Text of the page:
There is no official record of Nelson ever visiting Dartmouth but in 1971 he stepped ashore at Bayards Cove in the seafaring Devon town, when Universal Films arrived to make Bequest to the Nation, or The Nelson Affair as it was known in America.
A lavish, bigbudget production it was centred around Nelson’s affair with Lady Emma Hamilton, with Peter Finch in the starring role and Glenda Jackson as his mistress. Directed by James Cellan Jones it was produced by Hal B. Wallis.
I was fortunate enough to join the cast and crew on the same day the legendary Hollywood producer visited the set with his second wife, actress Martha Hyer. Other famous films produced by Wallis included The Adventures of Robin Hood ( 1938) with Errol Flynn, The Maltese Falcon ( 1941) and Casablanca ( 1942), both with Humphrey Bogart, and Yankee Doodle Dandy ( 1942) with James Cagney. He also produced the 1957 cowboy classic Gunfight at the OK Corral starring Burt Lancaster as Marshall Wyatt Earp and Kirk Douglas as Doc Holliday. Later in life he guided Elvis Presley’s film career. Wallis also made some big budget historical films in Britain including Becket ( 1964) with Richard Burton and Peter O’Toole, Anne of a Thousand Days ( 1969) also with Burton who played Henry VIII,
and Mary, Queen of Scots ( 1971) with Vanessa Redgrave and Glenda Jackson.
Bequest to the Nation was released in 1973 and, despite some inevitable mixed reviews from the critics, it was a box office success, although many of the battle scenes were filmed inside the studio.
Adapted by Terence Rattigan from his play based on Nelson’s final days in England, it tells the story of how the great man wrestled with his feelings and sense of duty as he planned the destruction of the French and Spanish fleets at Trafalgar. He initially intended that someone else should take command but Lady Hamilton gave him up so he could fulfil his duty to his country. The result was a spectacular victory which is still celebrated today.
Peter Finch gave a fine performance as Nelson and recalled some time later that he actually thought he had touched the enigmatic admiral’s real character.
During the location shoot at Dartmouth he was charming on set and also took time to chat with members of the public as well as joking with fellow actor Anthony Quayle, who played Lord Minto. They had already appeared together in The Battle of the River Plate ( 1956) but on opposite sides as Finch played the captain of the German battleship Graf Spee which, after a stand- off with British ships ashore, was scuttled in the estuary outside Montevideo in Uruguay watched by Commodore Harwood played by Quayle.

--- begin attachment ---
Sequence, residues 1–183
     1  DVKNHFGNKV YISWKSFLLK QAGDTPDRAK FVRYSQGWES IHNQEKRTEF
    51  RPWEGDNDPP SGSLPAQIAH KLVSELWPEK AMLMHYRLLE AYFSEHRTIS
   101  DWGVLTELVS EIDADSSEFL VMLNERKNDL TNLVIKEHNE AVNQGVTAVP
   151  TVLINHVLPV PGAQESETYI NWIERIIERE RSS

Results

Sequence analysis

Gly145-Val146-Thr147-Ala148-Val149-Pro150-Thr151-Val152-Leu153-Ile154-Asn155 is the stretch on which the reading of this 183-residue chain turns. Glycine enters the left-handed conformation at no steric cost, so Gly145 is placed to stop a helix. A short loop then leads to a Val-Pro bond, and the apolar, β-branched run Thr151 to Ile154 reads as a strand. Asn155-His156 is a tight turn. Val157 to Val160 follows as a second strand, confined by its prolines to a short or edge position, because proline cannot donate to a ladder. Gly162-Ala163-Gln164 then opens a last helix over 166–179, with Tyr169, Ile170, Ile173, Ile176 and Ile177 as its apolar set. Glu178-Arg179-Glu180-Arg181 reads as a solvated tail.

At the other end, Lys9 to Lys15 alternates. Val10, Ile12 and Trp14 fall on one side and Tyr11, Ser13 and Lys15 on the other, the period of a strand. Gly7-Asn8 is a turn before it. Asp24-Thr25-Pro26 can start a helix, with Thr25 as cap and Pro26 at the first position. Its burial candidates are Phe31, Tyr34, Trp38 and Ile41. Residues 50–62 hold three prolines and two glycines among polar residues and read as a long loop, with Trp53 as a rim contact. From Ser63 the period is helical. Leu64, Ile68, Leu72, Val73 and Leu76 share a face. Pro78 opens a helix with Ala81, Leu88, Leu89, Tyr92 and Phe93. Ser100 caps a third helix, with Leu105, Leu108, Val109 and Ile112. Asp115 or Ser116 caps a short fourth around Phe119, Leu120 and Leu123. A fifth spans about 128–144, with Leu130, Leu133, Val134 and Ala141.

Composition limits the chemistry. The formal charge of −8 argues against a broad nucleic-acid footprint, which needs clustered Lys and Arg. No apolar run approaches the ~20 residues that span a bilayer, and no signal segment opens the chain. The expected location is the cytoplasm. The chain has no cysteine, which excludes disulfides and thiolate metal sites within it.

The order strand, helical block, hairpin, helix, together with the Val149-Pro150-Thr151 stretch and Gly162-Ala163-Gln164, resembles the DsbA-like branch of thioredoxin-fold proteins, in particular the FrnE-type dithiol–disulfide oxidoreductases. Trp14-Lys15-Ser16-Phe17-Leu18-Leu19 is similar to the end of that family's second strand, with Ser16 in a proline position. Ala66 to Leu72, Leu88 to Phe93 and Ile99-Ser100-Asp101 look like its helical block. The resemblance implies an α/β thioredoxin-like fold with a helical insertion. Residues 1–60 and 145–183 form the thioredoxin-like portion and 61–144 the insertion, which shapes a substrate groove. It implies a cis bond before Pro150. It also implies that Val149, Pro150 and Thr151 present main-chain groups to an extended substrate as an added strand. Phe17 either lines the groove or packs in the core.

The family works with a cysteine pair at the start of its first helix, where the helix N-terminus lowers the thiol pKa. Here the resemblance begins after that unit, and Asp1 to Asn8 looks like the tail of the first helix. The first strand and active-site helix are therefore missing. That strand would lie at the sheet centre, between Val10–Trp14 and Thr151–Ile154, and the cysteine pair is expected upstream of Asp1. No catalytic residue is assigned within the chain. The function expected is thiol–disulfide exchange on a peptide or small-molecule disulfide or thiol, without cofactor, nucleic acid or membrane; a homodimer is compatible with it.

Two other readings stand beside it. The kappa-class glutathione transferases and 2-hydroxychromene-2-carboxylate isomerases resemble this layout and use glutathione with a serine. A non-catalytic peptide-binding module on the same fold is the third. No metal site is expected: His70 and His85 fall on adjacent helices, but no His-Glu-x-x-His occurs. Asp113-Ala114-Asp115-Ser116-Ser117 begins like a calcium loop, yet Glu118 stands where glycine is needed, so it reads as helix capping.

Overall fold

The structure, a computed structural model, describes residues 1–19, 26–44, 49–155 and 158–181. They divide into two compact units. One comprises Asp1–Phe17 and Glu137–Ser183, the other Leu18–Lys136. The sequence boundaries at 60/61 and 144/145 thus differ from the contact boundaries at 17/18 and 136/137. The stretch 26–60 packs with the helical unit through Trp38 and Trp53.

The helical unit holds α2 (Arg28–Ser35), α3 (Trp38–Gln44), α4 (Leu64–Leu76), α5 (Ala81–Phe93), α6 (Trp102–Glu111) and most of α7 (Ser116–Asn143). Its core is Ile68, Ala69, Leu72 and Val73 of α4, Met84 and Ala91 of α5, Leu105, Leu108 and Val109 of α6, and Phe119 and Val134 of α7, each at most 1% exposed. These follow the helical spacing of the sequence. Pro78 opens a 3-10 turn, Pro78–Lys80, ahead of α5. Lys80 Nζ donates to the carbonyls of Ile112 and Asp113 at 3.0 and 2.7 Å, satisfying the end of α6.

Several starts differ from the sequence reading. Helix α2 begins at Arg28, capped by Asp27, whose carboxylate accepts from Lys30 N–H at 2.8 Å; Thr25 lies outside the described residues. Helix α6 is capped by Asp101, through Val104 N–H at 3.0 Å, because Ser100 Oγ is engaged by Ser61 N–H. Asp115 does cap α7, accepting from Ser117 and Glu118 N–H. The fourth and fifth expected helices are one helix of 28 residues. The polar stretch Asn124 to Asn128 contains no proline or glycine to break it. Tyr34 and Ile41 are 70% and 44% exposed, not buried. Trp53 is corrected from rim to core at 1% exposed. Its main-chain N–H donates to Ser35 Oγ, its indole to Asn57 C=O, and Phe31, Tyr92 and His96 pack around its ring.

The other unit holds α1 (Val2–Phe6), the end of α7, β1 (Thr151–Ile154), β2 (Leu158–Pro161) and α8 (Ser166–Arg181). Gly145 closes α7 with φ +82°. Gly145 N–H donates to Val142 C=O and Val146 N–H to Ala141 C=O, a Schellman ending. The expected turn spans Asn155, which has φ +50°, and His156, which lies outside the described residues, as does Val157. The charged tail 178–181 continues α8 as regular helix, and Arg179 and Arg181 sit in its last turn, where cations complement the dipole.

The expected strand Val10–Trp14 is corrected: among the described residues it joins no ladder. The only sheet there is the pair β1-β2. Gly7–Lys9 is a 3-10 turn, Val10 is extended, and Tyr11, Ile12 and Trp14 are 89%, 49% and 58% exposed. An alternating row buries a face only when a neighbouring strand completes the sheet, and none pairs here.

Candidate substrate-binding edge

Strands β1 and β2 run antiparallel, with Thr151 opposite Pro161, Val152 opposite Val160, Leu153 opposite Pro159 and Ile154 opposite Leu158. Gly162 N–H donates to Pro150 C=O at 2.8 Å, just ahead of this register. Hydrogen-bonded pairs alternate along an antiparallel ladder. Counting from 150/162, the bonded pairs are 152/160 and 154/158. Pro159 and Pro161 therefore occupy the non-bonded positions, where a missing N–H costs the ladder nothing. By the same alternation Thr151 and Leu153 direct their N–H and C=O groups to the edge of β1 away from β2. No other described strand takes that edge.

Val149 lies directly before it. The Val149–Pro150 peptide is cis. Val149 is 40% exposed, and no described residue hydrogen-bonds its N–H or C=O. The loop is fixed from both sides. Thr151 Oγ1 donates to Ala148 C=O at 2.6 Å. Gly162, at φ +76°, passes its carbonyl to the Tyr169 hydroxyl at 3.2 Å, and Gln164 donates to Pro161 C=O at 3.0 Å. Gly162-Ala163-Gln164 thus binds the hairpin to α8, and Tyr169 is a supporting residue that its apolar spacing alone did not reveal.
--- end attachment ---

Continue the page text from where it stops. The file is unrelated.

In his early days Laurence Olivier was a mentor to Finch who, for the Rank Organisation, in addition to The Battle of the River Plate, also starred in A Town Like Alice, again in 1956. During his long career Finch made more than 60 feature films and was posthumously awarded Best Actor Oscar for his roll in Network ( 1976) in which he played a television anchorman called Howard Beale.
After a well- publicised life as a hell raiser, he suffered a fatal heart attack in the lobby of the Beverly Hills Hotel and died on 14th January 1977 aged just 60. Despite three wives and various well- known liaisons resulting in several children, he is still regarded by many as one of the finest actors of his generation.
Lord Nelson never graced its portals because the Britannia Royal Naval College’s current buildings only opened in 1905. However, Senior Service Officer training in the town goes back to the mid- 19th century.
Peter Finch as Nelson, being transported to his ship.
Anthony Quayle as Lord Minto ( left), chats to Hollywood producer, Hal B. Wallis.